This is Mathinee from Thailand. She’s taking her PhD in Japan and the culprit behind the smuggled sake (more on that later). This brilliant lady studies coral diseases.

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And this one is Yan from Singapore. She’s taking her PhD in Australia, shifted her research to seagrass (noooo!!!), and became a Whovian because of her Australian friends. Dangly TARDIS earrings!

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And this is Eric from Hong Kong. His work focuses on how pollution affects coral reproduction (perfect research topic for Hong Kong, IMHO).ย We actually saw each other a few months after the training in Sanya when I went to Hong Kong. He also came to El Nido earlier this year but since I wasn’t based there anymore, I asked Virgie to help him out. He and his friends now grace posters promoting stand-up paddleboard tours (not because of Virgie!), but that’s a story for a different day.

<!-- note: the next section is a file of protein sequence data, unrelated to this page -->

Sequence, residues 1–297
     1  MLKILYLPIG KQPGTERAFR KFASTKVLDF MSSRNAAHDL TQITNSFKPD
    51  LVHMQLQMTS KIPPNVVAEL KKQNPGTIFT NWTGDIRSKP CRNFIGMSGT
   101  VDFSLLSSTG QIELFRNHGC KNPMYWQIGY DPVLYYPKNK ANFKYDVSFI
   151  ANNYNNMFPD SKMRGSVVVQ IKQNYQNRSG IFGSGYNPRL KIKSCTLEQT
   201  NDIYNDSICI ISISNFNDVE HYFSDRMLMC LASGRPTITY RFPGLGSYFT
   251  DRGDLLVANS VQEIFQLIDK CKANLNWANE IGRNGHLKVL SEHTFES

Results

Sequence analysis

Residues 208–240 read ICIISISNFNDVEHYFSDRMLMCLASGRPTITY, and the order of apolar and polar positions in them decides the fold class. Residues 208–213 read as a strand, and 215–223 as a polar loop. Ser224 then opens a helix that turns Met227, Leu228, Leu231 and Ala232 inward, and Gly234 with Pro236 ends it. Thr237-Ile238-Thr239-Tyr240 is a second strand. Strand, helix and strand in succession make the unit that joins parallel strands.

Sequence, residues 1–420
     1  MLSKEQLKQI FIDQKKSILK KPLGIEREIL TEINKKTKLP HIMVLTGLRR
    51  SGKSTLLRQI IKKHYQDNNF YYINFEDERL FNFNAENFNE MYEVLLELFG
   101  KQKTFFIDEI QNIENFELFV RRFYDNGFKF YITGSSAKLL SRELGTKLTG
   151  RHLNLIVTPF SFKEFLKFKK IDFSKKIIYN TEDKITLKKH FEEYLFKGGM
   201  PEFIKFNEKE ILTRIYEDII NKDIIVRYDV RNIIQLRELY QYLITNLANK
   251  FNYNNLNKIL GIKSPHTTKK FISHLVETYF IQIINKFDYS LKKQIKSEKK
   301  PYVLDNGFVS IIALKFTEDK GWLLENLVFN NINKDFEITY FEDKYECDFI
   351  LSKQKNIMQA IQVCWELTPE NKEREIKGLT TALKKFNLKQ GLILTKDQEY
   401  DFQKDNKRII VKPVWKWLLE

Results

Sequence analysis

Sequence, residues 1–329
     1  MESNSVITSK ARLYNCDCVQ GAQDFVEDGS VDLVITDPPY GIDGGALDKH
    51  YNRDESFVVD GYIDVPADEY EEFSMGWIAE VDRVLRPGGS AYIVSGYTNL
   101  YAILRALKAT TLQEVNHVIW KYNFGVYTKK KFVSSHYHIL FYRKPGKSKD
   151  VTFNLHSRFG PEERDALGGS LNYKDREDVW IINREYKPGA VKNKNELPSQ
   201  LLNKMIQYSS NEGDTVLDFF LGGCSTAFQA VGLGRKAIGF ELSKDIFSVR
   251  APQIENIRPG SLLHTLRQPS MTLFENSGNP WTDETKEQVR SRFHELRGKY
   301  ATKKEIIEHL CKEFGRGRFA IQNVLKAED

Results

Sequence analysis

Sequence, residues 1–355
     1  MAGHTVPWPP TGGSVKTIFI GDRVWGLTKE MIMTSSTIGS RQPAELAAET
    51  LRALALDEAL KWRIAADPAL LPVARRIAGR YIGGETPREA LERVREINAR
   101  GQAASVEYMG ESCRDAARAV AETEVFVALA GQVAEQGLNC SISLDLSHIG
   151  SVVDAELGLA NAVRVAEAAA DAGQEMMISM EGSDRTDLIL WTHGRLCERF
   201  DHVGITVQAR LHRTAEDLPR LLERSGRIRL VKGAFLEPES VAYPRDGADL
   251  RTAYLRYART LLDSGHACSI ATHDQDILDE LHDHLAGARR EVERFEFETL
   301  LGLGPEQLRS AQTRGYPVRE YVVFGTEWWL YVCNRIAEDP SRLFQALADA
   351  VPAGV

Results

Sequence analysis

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He and his labmates from the Chinese University of Hong Kong are campaigning against the construction of a third runway at Hong Kong International Airport because the land reclamation will, among other things, drive out the few Chinese white dolphins still left in the bay. The reclamation will be the second-largest in Hong Kong’s history, only beaten by the reclamation to construct HKIA in the first place. Read more about it here.

No solo photos with Iris but I do have this nice photo of Team Philippines courtesy of Richard ๐Ÿ˜€ Lots of Filipino scientists at the conference, including those who represented universities outside of the Philippines. Apparently, the National University of Singapore is a popular destination for recent MSI graduates.